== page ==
Indian Turkey Burgers

Mmm, turkey burgers. Mmm, uncooked.
I have to admit a couple of things. The naming of this recipe is a little tongue-in-cheek, as burgers aren’t in any way Indian. But they’re flavoured with a lot of my favourite Indian spices, and they taste glorious.
The other thing is that these burgers are inspired by a similar recipe for chicken burgers by Anjum Anand. I’ve adapted the recipe quite a bit, because it wasn’t quite right for me. But feel free to adjust quantities for yourselves.


  • 500g turkey mince. Much easier to come by than chicken mince, and it’s leaner. It also makes great burgers, with or without the other ingredients.
  • About half an inch of ginger root, grated. You could use powdered ginger if you don’t have the root stuff, but it’s not really the same. Don’t go using preserved ginger. That would just be wrong.
  • Two fat cloves of garlic, crushed
  • Half a red onion, chopped very finely
  • 1tsp salt, 1tsp cracked black pepper
  • 1tsp nigella (black onion) seeds, and 1tsp yellow mustard seeds, pounded in a pestle and mortar
  • 1tsp coriander powder
  • 1tsp medium or tandoori curry powder
  • 1tsp garam masala powder
  • One large red chilli, finely chopped
  • One medium egg and a piece of fairly stale bread, crumbed
  • A big handful of coriander (cilantro), roughly chopped

That’s a lot of ingredients! If you have them all to hand at home (as I did), the only annoying thing is getting everything in a bowl. Otherwise, if you have to miss something out, then I guess you could remove the coriander powder. I’ve not tried these burgers without egg/bread, but they might work.


Now for the fun part. Mash the turkey mince up, so it doesn’t look mince-like (you know what I mean). Add the all of the ingredients, save the egg and bread. You may wish to add a little oil to stop the burgers sticking to the barbecue.

Finger lickin' good (oh no, wait, that's chicken).

You should have a fairly dry mixture. Try to shape it into burgers (you should get four big burgers out of the mix, or five average-sized ones). If it doesn’t seem to stick together, then the burgers will fall apart on the barbecue. In that case, add your egg. The egg acts as a binder, but can make the mixture too wet, so you need to balance that wetness with some breadcrumbs to absorb. I used soda bread because it crumbs well whether stale or not, but use whatever you have. The important thing is to not add it all at once – if you add too much bread, the mixture will become dry again. Once you’ve got a mix that seems wet enough to hold together, but not sloppy, you’re done.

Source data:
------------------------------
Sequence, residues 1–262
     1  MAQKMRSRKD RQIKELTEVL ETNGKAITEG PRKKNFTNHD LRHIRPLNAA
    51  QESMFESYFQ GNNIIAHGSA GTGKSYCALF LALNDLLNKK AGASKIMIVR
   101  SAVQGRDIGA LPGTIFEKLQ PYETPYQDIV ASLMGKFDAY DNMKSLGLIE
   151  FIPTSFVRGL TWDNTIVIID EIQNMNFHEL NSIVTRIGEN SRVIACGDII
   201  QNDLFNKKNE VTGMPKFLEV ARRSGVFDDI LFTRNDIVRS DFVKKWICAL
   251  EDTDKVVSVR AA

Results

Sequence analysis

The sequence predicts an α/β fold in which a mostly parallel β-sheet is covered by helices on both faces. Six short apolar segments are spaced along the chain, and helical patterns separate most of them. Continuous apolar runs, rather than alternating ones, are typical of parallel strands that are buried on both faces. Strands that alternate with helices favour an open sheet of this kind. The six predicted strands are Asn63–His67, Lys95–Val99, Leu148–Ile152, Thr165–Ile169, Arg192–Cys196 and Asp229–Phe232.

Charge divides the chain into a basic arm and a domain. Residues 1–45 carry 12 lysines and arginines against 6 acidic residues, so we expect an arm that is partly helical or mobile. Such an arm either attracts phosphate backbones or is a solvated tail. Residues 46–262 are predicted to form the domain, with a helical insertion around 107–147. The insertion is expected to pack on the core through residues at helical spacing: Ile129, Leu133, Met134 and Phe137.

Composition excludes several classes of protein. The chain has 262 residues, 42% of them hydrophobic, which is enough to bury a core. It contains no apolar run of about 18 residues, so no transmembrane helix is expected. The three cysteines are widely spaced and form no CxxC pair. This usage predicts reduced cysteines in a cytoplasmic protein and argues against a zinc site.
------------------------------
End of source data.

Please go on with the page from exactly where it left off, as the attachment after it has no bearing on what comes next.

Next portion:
If you want, add a little lime juice to the mix to balance the cumin in the garam masala. I tend to do this to the cooked burgers at the end. Shape into patties, and stick on the barbecue. They cook quicker than MattBurgers but I’d still say 4-5 minutes per side to be sure.

Really good on a burger bun with some fresh coriander on top, and perhaps a little mayonnaise or minted yoghurt. Enjoy.

Garlic Tomatoes and Garlic Mushrooms

“More recipes!”, I hear you cry? Why, sure. This is something that I’ve been doing for a long time, which works just as well in an oven. I actually poached a similar recipe from Jez some nine or so years ago, and made it my own (thanks Jez).

The idea is that you put some cherry tomatoes (or mushrooms) in a tight little foil bag, and steam the whole thing on the barbecue with some garlic. It’s bloody good, I’ll tell you.